A2 milk a better option than lactose free milk

Not all cow’s milk is created equally. Its nutritional composition often varies slightly, depending on the cow’s breed, feed or individual genetics.

For example, cow’s milk contains varying amounts of proteins known as A1 and A2 beta-caseins. For some people, A1 beta-caseins might have adverse health effects.

Recently, researchers examined the digestive effects of A1 beta-casein in people with self-reported lactose intolerance. Here is a detailed summary of their results. [...] Read the full article →

Eating Less Sugar Has Multiple Health Benefits

Excessive fructose consumption is believed to be one of the main causes of metabolic syndrome.

Fructose makes up 50% of table sugar, which is the most commonly consumed sweetener in the world.

A recent study, published in Pediatric Obesity, investigated whether replacing sugar with starch would improve markers of metabolic syndrome in children. [...] Read the full article →

Biggest Review Ever on Whole Grains and Blood Lipids

Whole grains have been considered to be healthy for a very long time.

Some of the health benefits of whole grains may be due to their effects on blood fats (cholesterol, triglycerides, etc).

However, the results of randomized controlled trials on the effect of whole grains on blood fats have been mixed (1).

[...] Read the full article →

Low-Fat vs Low-Carb Diet: Which is More Effective?

A low-calorie, low-fat diet is frequently recommended for weight loss.

However, strong evidence suggests that low-carb diets may be more effective (1, 2).

Recently, scientists set out to examine this issue further. They conducted a meta-analysis of randomized controlled trials that compared low-fat diets to low-carb diets.

Here, we provide a detailed summary of the main results.

[...] Read the full article →

Probiotics May Help Prevent Weight Gain

Probiotics are bacteria that have health benefits when consumed. They are found in probiotic supplements and some fermented foods.

Several studies indicate that probiotics can be useful in the battle against weight gain and obesity (1).

This study examined the effects of a broad-spectrum probiotic supplement on weight gain during a high-fat, high-calorie diet.

[...] Read the full article →

High-Protein Breakfasts Burn Calories and Reduce Hunger

Obesity is a serious health concern.

In both children and adults, it may increase the risk of several chronic diseases, such as type 2 diabetes and heart disease.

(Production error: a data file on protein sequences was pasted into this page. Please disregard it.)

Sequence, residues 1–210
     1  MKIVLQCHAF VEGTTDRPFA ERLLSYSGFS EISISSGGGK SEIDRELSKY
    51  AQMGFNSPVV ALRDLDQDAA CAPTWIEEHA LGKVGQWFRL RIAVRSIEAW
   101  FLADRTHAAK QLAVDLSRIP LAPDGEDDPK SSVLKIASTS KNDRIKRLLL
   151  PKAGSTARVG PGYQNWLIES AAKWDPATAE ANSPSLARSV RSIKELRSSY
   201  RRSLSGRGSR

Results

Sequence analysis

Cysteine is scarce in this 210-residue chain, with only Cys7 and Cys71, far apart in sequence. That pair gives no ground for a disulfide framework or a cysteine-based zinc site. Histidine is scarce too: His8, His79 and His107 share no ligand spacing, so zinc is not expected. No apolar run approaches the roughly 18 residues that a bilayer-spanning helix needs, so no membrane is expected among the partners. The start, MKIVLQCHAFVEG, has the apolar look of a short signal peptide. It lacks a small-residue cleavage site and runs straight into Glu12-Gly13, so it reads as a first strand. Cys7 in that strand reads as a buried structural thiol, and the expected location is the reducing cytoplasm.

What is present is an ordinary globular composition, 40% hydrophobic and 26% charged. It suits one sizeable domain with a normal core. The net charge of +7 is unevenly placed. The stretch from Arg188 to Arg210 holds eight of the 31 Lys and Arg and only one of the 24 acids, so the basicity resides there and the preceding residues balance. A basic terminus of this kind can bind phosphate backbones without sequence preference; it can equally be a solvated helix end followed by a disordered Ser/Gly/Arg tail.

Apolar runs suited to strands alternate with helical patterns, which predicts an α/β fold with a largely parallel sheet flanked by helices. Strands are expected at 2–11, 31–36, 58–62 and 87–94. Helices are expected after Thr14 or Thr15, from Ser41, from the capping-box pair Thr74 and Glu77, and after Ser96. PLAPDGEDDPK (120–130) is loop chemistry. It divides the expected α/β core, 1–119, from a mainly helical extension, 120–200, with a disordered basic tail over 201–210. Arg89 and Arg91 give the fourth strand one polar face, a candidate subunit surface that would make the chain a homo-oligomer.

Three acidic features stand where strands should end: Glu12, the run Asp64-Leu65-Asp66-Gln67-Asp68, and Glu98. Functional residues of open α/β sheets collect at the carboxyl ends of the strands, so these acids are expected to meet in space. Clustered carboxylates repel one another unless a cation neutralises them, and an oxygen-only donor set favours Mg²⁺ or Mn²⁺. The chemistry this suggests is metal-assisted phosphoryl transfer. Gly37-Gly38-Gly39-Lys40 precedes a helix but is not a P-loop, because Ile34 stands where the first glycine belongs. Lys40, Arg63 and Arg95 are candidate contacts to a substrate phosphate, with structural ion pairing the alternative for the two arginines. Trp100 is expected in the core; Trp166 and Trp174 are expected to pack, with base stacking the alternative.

For successful weight loss, multiple strategies are usually required. One effective approach may be to eat more protein (1).

For this reason, researchers set out to see if high-protein breakfasts could help burn calories and reduce appetite in overweight and normal-weight children.

[...] Read the full article →

Butter vs Cream – Not All Dairy Fat is Equal

Not all dairy fat is equal.

Sometimes the fat is enclosed in a layer called the milk fat globule membrane (MFGM), composed of phospholipids and protein.

The presence of MFGM may be the reason that the various dairy products have different effects on health.

Cream contains twice as much MFGM as butter, so researchers set out to study the health effects of these two dairy products.

[...] Read the full article →

Do All Fruits and Vegetables Help You Lose Weight?

Eating a variety of fruits and vegetables has been associated with improved health and a reduced risk of chronic disease.

The current Dietary Guidelines for Americans even recommend them for weight loss.

However, not all fruits and vegetables are equal when it comes to weight loss or maintenance. They may have different metabolic effects, depending on their nutrient composition.

Body weight may be affected by glycemic load and amount of fiber, as well as polyphenols and sugar content (1, 2, 3, 4).

[...] Read the full article →

New Study Shows That Reducing Saturated Fat is (Almost) Useless

For decades, saturated fat has been believed to be harmful.

This is claimed to be because saturated fat raises blood levels of cholesterol inside LDL lipoproteins, which is a risk factor for cardiovascular disease (heart disease and strokes).

This is often referred to as the diet-heart hypothesis.

However, several major studies in recent years have challenged the diet-heart hypothesis and failed to find a relationship between saturated fat consumption and cardiovascular disease (1, 2).

[...] Read the full article →